Why I Will No Longer Treat Writing Like a “Job”

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Couple ‘a things. First of all: I love my job. Being an agent, that is. I don’t mean to brag, but seriously. I love it. It makes me happy even when it makes me want to rip my hair out (an agent friend and I have a term for this feeling: BlissPissed). I don’t associate “work” with negative things, but with excitement, challenge, adventure. I even like the word “work.” I like to say it. It makes me feel good.

Yes, I know. There’s something wrong with me.

I also love writing. But I love it in a deeper, less freewheeling way. Writing doesn’t come as naturally. More like pulling teeth. My muse is stingy, and if I only wrote when I felt like it, I wouldn’t have written a word since seventh grade.

And so, for nearly a decade, I’ve treated writing like a job. By which I mean sitting down at a regular time, five days a week (I always shoot for six, usually hit somewhere around four). You do it when you don’t feel like it. You do it when the muse isn’t present. You even do it when you’re feeling under the weather. You don’t make excuses. You set the appointment and you keep it, damn it.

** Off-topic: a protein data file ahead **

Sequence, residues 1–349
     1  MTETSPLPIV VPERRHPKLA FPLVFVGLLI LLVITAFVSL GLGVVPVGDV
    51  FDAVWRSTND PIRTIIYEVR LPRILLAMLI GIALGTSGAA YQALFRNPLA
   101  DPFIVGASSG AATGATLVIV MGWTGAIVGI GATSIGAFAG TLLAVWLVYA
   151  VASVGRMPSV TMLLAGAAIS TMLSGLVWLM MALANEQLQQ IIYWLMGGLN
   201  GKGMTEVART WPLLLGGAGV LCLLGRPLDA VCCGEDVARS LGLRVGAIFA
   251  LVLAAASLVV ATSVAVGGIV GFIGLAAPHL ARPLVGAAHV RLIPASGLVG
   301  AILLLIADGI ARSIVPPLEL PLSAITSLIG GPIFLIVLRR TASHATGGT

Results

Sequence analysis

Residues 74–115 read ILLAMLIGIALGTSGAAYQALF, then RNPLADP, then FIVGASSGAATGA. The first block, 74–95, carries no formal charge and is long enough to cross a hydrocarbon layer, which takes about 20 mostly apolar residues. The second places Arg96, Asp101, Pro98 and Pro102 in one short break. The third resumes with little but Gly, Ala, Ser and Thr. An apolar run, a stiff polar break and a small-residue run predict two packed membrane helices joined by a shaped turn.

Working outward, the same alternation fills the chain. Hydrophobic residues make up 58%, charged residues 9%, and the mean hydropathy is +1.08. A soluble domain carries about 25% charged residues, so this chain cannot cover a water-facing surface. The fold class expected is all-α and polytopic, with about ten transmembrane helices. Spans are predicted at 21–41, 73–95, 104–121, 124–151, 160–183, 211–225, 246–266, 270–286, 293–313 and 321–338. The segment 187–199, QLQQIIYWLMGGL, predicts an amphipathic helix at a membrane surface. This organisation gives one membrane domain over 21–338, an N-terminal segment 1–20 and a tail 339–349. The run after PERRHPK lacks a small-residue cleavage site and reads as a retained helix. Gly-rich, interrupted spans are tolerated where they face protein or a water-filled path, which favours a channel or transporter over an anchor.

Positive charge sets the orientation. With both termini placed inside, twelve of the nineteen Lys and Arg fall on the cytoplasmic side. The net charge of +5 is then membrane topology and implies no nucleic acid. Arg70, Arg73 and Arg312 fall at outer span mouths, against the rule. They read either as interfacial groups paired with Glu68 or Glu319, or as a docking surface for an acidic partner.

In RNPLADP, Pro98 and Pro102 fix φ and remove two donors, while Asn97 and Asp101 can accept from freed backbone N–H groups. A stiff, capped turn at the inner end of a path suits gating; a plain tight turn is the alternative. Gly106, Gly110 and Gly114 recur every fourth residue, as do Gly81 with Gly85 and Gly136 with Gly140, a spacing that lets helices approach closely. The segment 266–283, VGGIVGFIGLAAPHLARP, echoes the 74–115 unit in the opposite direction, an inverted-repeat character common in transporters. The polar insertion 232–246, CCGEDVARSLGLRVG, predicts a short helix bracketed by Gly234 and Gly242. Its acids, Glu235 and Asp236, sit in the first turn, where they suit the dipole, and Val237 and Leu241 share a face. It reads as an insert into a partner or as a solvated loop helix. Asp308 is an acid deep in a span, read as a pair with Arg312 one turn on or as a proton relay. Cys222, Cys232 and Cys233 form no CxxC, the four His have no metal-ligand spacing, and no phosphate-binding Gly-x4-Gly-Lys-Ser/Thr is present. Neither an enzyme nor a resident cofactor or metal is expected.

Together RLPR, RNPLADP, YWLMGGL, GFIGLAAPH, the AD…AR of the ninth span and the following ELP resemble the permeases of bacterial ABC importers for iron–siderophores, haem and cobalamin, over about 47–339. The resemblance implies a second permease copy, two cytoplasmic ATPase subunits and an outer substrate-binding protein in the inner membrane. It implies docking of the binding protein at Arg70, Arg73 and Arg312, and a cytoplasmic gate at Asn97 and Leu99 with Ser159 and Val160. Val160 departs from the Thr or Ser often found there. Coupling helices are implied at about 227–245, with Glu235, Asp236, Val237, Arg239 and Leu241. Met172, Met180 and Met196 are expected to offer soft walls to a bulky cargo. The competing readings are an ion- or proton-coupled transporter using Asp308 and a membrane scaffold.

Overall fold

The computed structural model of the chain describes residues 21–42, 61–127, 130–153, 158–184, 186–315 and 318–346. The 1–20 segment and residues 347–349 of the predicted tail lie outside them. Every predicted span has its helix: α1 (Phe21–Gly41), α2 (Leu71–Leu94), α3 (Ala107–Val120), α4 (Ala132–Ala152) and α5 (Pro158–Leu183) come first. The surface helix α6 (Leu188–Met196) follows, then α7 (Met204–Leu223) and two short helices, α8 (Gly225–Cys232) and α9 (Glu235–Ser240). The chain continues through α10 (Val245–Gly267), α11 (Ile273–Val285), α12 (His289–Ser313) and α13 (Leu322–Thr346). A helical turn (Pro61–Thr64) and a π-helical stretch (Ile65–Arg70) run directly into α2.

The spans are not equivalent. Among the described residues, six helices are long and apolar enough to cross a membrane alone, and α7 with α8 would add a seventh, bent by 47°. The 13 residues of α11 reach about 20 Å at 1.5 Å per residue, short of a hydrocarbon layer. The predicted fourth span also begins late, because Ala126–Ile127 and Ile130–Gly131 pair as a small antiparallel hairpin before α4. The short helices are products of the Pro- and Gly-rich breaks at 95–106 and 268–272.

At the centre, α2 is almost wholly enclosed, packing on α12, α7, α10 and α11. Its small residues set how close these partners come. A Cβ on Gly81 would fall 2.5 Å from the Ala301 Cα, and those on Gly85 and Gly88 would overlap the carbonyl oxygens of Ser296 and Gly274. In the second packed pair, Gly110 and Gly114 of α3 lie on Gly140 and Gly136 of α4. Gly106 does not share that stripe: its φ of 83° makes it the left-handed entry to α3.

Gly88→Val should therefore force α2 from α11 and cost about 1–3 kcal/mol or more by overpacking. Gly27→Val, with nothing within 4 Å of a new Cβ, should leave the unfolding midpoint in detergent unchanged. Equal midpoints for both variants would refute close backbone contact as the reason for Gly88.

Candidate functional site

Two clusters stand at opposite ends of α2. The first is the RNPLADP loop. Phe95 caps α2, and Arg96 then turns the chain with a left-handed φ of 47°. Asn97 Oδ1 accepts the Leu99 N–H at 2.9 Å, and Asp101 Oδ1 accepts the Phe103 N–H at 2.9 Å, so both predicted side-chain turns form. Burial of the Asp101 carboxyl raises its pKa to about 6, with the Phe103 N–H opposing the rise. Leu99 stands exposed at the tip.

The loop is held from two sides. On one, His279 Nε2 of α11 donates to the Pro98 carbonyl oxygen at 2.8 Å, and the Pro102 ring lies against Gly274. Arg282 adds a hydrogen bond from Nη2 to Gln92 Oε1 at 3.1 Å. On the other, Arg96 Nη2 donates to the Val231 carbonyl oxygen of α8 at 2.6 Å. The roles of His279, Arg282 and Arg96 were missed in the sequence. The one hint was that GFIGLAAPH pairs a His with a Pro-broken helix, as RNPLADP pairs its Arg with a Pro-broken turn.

But maybe writing shouldn’t be treated so brutishly. Maybe writing shouldn’t be treated like work. Work is the meat n’ potatoes of your week. It’s the everyday thing. What you do when you’re on. But maybe writing should feel a little separate, not like a job, but something more like, well…church.

I’m not a religious guy. I went to church when I was a kid, and that was it. But when I did attend, my understanding was that church was a time to put aside the weekly concerns, the getting-by stuff, and focus on something that was not the everyday, but more fundamental, more important, more basic. It was a time to check in with oneself, to put aside a few hours to prioritize something deeper, more personal, quieter, and away from the outside world of production.